Loveleen Atwal, M.A.Sc. 2014
Supervisor: Dr. Rodrigo Mora
Full thesis available in the BCIT Thesis Repository
Aboriginal families are significantly more likely to live in poor housing conditions than the general population. Furthermore, in Canada, most of these houses are often located in colder regions, which challenge the construction, the indoor air, and the energy consumption. Poor housing is also related to poor child health outcomes. The overarching goal of this research is to develop a health monitoring system integral to homes that acts as preventive early warning system before problems become serious and sometimes irreversible. The underlying premise is that higher value can be gained from a system that combines different types of monitored data, such as indoor, construction, and energy, in building awareness and enabling better informed decision-making by homeowners.
This paper presents the results from a pilot study to generate preliminary knowledge on the key challenges faced in attempting to develop and deploy such a system in remote regions. In the study, the indoor environment and the construction moisture of three new homes from the urban Squamish First Nations reserve in Vancouver are being monitored. The construction is typical of local urban reserve homes. The indoor parameters monitored are relative humidity, temperature, and carbon dioxide. The construction parameters monitored are the envelope moisture content and temperature.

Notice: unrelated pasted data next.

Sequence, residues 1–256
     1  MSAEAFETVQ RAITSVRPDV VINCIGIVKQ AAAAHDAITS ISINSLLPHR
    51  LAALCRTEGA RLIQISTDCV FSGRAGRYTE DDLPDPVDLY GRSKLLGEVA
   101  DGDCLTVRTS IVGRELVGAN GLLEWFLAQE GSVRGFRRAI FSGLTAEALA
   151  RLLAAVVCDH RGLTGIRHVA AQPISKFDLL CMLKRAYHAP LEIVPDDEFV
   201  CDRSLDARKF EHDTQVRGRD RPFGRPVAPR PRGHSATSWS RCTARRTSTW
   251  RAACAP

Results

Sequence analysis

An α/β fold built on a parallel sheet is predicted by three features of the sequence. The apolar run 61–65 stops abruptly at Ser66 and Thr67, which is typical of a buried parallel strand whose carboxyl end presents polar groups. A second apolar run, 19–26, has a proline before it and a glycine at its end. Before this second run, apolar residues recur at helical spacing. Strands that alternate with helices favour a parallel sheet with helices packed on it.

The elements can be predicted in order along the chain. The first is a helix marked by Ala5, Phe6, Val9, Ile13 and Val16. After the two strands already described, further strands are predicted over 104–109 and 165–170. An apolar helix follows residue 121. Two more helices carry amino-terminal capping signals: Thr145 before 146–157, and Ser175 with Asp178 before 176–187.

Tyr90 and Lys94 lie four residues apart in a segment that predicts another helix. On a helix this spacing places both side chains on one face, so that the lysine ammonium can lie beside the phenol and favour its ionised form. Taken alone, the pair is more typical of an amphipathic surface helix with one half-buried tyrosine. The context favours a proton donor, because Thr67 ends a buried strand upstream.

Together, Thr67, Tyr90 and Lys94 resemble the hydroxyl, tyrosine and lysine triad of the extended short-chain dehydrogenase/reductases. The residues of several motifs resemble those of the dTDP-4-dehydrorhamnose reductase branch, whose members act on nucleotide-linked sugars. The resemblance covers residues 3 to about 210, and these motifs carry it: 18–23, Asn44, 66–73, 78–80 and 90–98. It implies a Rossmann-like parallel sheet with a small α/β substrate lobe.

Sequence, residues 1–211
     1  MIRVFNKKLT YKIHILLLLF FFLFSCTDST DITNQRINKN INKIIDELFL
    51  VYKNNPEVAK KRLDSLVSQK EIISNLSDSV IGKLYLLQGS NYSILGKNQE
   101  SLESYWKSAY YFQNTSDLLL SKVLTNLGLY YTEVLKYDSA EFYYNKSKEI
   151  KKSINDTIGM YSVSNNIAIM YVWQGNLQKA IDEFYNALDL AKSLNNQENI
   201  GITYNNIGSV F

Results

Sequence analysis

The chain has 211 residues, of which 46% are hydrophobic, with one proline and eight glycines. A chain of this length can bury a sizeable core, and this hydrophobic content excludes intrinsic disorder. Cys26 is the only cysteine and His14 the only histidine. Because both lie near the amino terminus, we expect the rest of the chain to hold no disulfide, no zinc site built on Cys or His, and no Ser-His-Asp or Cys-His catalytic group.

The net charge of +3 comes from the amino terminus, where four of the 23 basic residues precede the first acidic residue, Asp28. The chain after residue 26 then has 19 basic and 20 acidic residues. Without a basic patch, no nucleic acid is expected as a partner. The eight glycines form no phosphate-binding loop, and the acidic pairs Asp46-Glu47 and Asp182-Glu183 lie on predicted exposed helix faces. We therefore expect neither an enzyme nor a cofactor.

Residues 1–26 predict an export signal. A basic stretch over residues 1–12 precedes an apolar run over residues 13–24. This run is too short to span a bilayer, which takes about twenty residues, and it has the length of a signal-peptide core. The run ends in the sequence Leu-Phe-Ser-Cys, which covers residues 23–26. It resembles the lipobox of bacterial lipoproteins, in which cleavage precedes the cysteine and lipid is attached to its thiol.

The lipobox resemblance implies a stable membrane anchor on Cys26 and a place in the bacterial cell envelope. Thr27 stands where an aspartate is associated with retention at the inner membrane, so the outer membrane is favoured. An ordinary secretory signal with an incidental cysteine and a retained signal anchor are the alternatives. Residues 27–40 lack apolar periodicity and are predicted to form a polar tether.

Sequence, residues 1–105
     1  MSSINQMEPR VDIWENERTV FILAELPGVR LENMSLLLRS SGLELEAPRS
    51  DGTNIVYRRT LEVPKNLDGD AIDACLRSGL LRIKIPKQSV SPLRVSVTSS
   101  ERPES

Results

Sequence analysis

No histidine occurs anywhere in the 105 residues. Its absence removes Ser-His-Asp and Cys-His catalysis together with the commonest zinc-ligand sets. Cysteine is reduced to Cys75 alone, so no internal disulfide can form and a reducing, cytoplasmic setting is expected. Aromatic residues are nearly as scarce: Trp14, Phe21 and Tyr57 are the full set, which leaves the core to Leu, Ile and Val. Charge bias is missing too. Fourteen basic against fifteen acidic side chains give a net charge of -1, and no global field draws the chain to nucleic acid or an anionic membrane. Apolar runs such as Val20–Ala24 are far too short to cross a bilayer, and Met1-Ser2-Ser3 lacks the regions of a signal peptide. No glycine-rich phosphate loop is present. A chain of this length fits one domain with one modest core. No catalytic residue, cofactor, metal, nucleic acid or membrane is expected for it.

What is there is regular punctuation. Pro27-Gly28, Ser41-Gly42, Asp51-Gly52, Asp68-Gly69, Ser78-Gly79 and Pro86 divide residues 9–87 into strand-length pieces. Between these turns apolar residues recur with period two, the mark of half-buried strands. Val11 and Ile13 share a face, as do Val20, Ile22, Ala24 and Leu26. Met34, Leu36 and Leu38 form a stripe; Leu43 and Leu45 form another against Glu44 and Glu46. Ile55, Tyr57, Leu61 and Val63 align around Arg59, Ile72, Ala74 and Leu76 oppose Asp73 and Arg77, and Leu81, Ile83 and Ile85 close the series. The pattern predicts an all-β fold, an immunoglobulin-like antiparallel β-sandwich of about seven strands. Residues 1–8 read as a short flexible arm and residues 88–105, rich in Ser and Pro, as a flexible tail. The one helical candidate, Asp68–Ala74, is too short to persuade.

Expectedly, preliminary indoor environmental data indicate the houses are performing well. However, warning signals from the construction need close attention. Furthermore, occupants, unaware of the energy penalties, seem to be driving higher ventilation rates. Consequently, validated energy simulation models were used to inform occupants on the price of excessive ventilation habits. Squamish home builders were given a performance report, with alternatives to address current issues and improve performance in future houses. The results from the pilot study demonstrate the value of a holistic monitoring system integral to homes. Further work is required to address the practical aspects of the technologies involved and to elaborate on the knowledge to implement a monitoring platform to make the systems operational on a wider scale.